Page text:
Does Yoga Improve Posture?

Poor posture is often neglected in regards to personal health, considered an aesthetic issue more so than something capable of serious harm. Bad posture is often the culprit behind various medical conditions and can cause more long-term damage than just hunched shoulders. But are there better ways to improve posture aside from the archaic method of walking around balancing a stack of books on our heads, such as yoga?

In addition to increased strength and flexibility, studies have shown that practicing yoga can improve posture. Regular yogic exercise lengthens the spine and develops one’s core muscles, which aids in creating a more stable support system for the body’s musculoskeletal system.

In this article, we’ll first talk about posture—a definition of good posture, what causes poor posture, and how it can negatively affect your health in the long run. We’ll then discuss yoga’s postural benefits and list a few yogic poses known to help correct and maintain good posture.

Posture: The Good, the Bad, and the Ugly

What Constitutes Good Posture?

According to the Harvard Health Letter, good posture is defined as “a neutral, upright spine—not flexed too far forward or backward.” The best way to achieve good posture is to position shoulders down and back, with head held high and core muscles—that being the abdomen, back, and pelvic floor muscles—engaged.

Maintaining correct posture minimizes tension exerted on the body’s musculoskeletal system, sparing one’s muscles, tissues, joints, and ligaments from excessive stress and wear over time.

Posture is divided into two subcategories—static and dynamic, and the names are pretty self-explanatory. Any posture requiring little movement or activity is static—for example, sitting in an airplane seat during an extended flight—while dynamic posture is defined by motion and action. It’s important to take both of these into account, as both types of posture affect one’s overall carriage in different ways.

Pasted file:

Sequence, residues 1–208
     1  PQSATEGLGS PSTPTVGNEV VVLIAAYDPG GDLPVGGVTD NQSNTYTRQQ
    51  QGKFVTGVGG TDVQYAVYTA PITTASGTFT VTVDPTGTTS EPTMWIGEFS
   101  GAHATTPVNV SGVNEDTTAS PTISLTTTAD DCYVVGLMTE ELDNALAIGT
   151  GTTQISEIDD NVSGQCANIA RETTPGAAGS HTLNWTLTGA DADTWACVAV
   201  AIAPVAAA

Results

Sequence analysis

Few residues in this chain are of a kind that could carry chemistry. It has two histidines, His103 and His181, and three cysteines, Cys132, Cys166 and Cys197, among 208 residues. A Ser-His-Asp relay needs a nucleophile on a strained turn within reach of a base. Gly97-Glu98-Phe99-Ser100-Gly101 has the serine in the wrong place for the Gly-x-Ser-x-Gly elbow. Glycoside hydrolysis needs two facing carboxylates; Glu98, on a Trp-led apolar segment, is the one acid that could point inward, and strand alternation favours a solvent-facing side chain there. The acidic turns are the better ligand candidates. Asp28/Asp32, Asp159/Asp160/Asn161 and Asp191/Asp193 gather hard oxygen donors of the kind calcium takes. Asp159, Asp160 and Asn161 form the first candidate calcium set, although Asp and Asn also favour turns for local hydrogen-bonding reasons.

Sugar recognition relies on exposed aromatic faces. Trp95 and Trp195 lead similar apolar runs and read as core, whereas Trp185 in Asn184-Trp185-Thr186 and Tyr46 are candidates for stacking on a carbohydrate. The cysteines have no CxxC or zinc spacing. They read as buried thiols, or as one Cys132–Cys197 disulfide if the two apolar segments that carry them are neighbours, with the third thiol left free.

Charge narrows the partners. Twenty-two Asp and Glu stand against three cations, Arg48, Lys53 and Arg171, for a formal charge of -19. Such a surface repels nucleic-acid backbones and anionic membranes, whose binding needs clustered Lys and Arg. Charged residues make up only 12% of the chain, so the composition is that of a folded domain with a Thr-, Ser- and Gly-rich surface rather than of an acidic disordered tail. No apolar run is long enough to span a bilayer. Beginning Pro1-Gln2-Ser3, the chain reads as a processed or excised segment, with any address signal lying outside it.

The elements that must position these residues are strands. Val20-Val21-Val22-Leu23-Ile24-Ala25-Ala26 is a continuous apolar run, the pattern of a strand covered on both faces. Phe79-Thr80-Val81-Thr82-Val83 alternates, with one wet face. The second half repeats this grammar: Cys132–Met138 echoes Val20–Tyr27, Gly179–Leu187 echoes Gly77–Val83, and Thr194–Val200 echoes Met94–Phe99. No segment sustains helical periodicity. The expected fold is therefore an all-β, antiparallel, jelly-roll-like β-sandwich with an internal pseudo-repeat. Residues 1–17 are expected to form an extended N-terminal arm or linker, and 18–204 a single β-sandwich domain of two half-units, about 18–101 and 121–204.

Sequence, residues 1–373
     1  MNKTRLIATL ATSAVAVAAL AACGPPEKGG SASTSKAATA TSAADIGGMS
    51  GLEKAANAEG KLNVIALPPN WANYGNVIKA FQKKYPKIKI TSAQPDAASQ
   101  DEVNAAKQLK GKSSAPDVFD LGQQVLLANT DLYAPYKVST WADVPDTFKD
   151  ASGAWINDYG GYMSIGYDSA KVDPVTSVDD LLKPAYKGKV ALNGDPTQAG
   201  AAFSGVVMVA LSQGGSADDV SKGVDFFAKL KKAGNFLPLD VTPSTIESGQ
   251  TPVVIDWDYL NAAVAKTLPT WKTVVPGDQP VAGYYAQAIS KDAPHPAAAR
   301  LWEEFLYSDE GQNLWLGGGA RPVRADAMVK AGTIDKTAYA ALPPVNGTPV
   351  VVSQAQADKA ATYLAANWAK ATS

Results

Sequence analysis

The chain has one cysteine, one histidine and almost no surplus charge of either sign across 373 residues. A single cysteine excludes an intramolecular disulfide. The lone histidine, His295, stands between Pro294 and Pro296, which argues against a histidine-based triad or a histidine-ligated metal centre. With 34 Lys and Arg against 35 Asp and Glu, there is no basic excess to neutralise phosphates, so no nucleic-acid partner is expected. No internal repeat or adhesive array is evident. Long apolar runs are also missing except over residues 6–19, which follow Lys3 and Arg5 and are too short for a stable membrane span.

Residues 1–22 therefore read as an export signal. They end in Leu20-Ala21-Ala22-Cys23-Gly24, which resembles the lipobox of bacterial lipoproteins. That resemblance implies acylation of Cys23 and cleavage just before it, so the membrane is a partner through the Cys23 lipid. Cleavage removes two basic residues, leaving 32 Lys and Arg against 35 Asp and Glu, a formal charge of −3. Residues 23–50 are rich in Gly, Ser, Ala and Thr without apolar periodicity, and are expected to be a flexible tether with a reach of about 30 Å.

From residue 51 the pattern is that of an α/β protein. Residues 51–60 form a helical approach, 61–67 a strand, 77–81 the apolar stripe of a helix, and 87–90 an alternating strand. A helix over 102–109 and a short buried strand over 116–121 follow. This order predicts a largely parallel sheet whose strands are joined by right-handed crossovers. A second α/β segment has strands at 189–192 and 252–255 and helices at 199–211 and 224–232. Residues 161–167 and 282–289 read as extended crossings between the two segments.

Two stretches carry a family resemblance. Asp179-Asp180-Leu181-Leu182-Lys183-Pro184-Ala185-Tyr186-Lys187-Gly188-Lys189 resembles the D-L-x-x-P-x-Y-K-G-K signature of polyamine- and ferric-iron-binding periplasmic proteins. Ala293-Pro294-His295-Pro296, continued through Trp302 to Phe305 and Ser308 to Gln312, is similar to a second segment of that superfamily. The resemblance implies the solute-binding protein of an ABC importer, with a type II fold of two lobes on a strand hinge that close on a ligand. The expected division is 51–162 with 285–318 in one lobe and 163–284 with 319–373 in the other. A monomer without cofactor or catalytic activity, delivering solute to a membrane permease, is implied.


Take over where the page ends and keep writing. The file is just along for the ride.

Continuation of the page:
What Causes Poor Posture?

Many different factors play into an individual’s posture, including age, weight, and day-to-day activities. Your profession, clothing choices, previous history of injuries, even the way you sit when watching TV for prolonged periods—all of these factor into one’s physicality as time wears on, and how we carry ourselves daily will either strengthen or fatigue our body’ natural support system. Here are a few of the most common factors linked to poor posture:

  • Inactivity: These days many spend their lives hunched over desks, smartphones, and computer monitors for hours on end. As a result of our increasing inactivity, the general populace’s posture has continued to worsen over the last 100 years. Many assert that our inactive lifestyles are to blame, with unhealthy and repetitive static postures maintained over prolonged periods contributing to poor circulation and back problems.